Internal Conflict

By Kristina Randle, Ph.D., LCSW

I’m not sure how to start this. Since I was a kid I realized I had the ability to manipulate those around me. I took advantage of it and my mother and family suffered for it. I have an extremely hard time relating to others on any emotional level. I work in a place where people rely on me to a certain extent on regular life issues. Rest assured I don’t work in the mental health profession. As a teenager I used to say horrible things to close family members and just watch them cry. I couldn’t understand why they were so upset. I started doing it because I enjoyed it. I use to figure out what would hurt them the most and just watched them suffer. In the career that I am it has helped cope with extreme situations where most people might be traumatized by violent events. It wasn’t until recently I realized my so called “ability” to deal with these events wasn’t normal. My coping mechanism is that I don’t feel things the way other people do so it enables me to witness and react to things in more rational response. I’ve had act like other people do, just to fit in. I just thought I was stronger than most people. In my early twenties I used my looks to gratify whatever desires I had, sexual, materialistic and emotional. I knew how to talk and act in a certain way and conforming myself to that particular person liked. In my line of duty and my position requires a certain amount of compassion, understanding and empathy. I have to pretend to feel these things. This is an issue I have had since I was a kid. Lack of remorse or feelings. I know the difference between right and wrong but even as a kid it didn’t stop me. Truth be told, I see people as mere objects for me to mold as I see fit. Unfortunately, I feel have reached a point where people are starting to notice things about me that have been mentioned before even as a kid. As I got older I realized this wasn’t normal. I started immolating feelings to what I thought was right for the situation. The need to mask myself is slowly dwindling away with each passing day. Not sure what to do or if I should do anything at all.

A. You recognize that your behavior is wrong. You also recognize that your emotional reactions are abnormal. Since you have identified those problem areas and have even drawn conclusions about them, it is important to seek an objective critique. I would suggest seeing a therapist who can validate whether the conclusions you have drawn about your behavior and emotional reactions are accurate. It is important to be correct in your thinking.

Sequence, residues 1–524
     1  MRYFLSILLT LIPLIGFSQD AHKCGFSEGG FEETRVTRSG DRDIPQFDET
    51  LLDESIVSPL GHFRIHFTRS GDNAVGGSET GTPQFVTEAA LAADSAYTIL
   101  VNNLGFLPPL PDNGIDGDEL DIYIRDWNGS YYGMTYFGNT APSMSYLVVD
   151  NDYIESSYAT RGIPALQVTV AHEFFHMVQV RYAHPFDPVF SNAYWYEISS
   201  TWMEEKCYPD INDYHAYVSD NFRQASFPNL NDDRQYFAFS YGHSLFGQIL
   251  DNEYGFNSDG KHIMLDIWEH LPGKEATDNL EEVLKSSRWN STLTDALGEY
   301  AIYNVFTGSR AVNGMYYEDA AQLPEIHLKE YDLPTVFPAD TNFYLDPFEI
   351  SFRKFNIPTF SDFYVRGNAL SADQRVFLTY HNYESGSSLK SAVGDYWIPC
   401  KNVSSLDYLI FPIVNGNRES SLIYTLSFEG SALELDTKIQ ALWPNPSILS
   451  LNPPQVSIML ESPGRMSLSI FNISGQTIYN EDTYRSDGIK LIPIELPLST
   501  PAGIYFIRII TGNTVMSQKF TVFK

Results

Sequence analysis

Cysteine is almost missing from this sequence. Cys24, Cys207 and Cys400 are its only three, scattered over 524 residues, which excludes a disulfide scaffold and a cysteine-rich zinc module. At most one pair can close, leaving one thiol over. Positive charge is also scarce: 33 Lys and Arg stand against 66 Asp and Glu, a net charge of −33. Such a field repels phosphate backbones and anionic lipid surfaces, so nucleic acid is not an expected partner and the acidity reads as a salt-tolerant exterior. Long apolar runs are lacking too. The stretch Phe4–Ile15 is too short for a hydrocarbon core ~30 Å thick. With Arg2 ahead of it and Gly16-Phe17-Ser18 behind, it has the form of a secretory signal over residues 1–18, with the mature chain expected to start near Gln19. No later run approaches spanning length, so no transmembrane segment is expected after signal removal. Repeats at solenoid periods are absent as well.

As a child and a young adult, you took advantage of family members and said “horrible things just to watch them cry.” Virtually all children have said mean things to family members and learned later to control this hurtful behavior.

You also stated that you mimic an appropriate emotional response when interacting with strangers. You may not authentically feel those emotions but it can be difficult to feel emotionally connected to strangers. Those instances may be indicative of a potential problem but without external validation from a trained mental health professional, it is difficult to know with certainty. A therapist can also examine all aspects of your life including your relationships, whether you have other mental health symptoms, whether you are generally a happy person, and much more. In therapy, it is important to examine all aspects of your life to determine whether the problems you have identified are in fact problems that require treatment.

Just as an individual who experiences an irregular heartbeat (potentially indicative of a heart problem) should be evaluated by a medical professional, you should seek external validation from a mental health professional to determine if you have a psychological problem that requires treatment. It is the next logical step. If your thinking is incorrect, then any conclusions you will draw will also be incorrect. Please take care.


Dr. Kristina Randle

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Last reviewed: By John M. Grohol, Psy.D. on 11 Jul 2012

APA Reference
Randle, K. (2012). Internal Conflict. Psych Central. Retrieved on September 1, 2014, from http://psychcentral.com/ask-the-therapist/2012/07/11/internal-conflict/